When I first came to the University of Michigan, I was constantly amazed by the vast number of Roman sandals housed upstairs in the Kelsey Museum SAFE. Ruminations on ancient footwear and drawers of rope have led me to study a number of Kelsey artifacts over the past few years. In recent months, I have been studying artifacts in the collection that relate to ancient magic at the site of Karanis, a Graeco-Roman site located southwest of Cairo, Egypt, and excavated by the University of Michigan between 1924 and 1935. This study would only be possible in the Kelsey Museum, where all of the records from the Karanis excavations are housed. Robin Meador-Woodruff, Associate Curator of Slides and Photos, and Kate Carras, Assistant Registrar, have graciously helped me as I read through ten volumes of the records of objects for Karanis, looked at the photographs from the site, and investigated the artifacts that are in the Museum. The Kelsey Museum houses more than 45,000 objects from Karanis, but this large figure does not include all of the finds. Following the completion of the excavation, the Egyptian government and the University of Michigan made a division of all of the artifacts, and many pieces I wanted to see are now in the Egyptian Museum. So I was off to Cairo!
Dr. Janet Richards, Assistant Curator for Dynastic Egypt, had warned me that obtaining access to the collections of the Egyptian Museum is not an easy task. As luck would have it, however, the ceramicist from the Kelsey Museums Abydos excavations, J. J. Shirley, was working in Egypt at the same time, and she introduced me to her friend Adel Mahmoud, Curator of the New Kingdom Collections at the Egyptian Museum. Mr. Mahmoud was very helpful; he not only provided me with a pass to get into the museum but also assisted me in locating the Karanis objects that I had hoped to see. Because all of the records in the Kelsey are crosslisted with records in Cairo, this was easier than I had expected. I had access to the pieces currently on display, as well as a number of objects in the storerooms. The basement of the Egyptian Museum bears little resemblance to that of the Kelsey! Hundreds of mummy cases, thousands of lamps, and tons of pottery of all shapes and sizes line the walls. It was difficult to find my twenty objects among the millions! As thanks for his help, I gave Mr. Mahmoud a catalogue from Dr. Thelma Thomass recent exhibition, The Fabric of Everyday Life: Textiles from Karanis, Egypt.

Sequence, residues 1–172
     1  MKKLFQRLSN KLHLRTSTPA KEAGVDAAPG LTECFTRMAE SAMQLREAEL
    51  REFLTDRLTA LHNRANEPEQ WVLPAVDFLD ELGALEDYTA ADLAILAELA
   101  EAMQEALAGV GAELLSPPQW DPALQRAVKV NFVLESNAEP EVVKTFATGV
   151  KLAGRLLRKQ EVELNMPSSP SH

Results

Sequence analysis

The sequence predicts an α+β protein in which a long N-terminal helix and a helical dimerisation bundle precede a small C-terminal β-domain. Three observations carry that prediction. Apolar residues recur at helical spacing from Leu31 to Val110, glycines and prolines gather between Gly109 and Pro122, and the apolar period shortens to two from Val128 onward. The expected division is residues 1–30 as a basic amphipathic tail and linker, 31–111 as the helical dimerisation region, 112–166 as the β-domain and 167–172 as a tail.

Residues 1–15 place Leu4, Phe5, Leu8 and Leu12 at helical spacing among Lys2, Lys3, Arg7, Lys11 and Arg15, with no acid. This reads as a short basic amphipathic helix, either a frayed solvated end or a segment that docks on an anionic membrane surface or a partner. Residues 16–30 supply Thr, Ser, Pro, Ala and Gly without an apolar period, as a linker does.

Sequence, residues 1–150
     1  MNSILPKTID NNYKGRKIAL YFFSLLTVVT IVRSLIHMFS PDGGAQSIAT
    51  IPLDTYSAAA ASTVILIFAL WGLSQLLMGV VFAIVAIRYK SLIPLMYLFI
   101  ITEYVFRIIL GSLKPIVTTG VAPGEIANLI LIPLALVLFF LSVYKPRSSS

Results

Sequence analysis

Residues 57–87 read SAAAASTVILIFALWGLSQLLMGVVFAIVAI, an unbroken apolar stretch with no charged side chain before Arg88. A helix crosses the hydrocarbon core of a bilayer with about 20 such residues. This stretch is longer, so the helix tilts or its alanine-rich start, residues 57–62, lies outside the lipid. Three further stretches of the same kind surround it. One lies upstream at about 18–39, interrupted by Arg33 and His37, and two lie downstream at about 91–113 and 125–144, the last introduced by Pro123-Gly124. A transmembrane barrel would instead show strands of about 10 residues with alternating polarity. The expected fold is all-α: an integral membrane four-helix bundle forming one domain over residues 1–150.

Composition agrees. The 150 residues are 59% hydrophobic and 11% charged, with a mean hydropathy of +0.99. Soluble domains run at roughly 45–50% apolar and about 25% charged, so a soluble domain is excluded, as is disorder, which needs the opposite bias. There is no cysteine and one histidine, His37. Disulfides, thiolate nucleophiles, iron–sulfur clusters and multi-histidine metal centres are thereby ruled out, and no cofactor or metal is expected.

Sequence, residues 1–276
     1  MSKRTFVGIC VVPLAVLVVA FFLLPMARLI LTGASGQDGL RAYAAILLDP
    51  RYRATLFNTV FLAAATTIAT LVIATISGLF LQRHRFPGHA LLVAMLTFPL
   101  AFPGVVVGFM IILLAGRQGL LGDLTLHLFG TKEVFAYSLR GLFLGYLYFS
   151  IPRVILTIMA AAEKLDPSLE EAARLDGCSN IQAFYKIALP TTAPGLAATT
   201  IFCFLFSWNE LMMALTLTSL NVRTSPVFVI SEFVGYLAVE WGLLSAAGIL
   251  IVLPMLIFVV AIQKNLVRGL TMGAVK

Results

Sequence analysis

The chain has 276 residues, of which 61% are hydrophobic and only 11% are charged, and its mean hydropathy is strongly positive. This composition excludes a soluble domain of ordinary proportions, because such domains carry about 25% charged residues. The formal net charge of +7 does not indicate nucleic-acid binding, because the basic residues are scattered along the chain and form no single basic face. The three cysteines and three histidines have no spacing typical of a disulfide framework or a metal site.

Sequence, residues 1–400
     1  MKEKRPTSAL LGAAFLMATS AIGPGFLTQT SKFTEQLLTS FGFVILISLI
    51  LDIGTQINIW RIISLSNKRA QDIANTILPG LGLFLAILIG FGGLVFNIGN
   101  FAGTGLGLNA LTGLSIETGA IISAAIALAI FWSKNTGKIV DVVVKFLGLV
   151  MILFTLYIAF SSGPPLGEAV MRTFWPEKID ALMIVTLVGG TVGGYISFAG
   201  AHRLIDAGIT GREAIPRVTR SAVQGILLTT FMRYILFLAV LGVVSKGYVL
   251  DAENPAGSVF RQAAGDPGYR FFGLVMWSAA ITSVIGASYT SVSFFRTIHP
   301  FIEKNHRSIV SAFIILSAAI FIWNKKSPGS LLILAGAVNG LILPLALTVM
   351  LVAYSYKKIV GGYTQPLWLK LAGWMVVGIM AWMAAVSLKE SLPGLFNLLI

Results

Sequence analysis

After spending a number of days in the museum, I headed out to the site of Karanis itself to locate the buildings and areas where the objects had been found. Armed with site plans, a compass, and a large hat, I was able to locate many of the buildings, but some of the structures in which I was interested had been removed in the subsequent years of the Universitys work on the site. Francis W. Kelsey chose an amazing site to dig, and the remains are still quite visible, despite seventy years of blowing sand. If you go in the summer, though, I would strongly suggest taking several bottles of water!
IPCAA Ph.D. candidate
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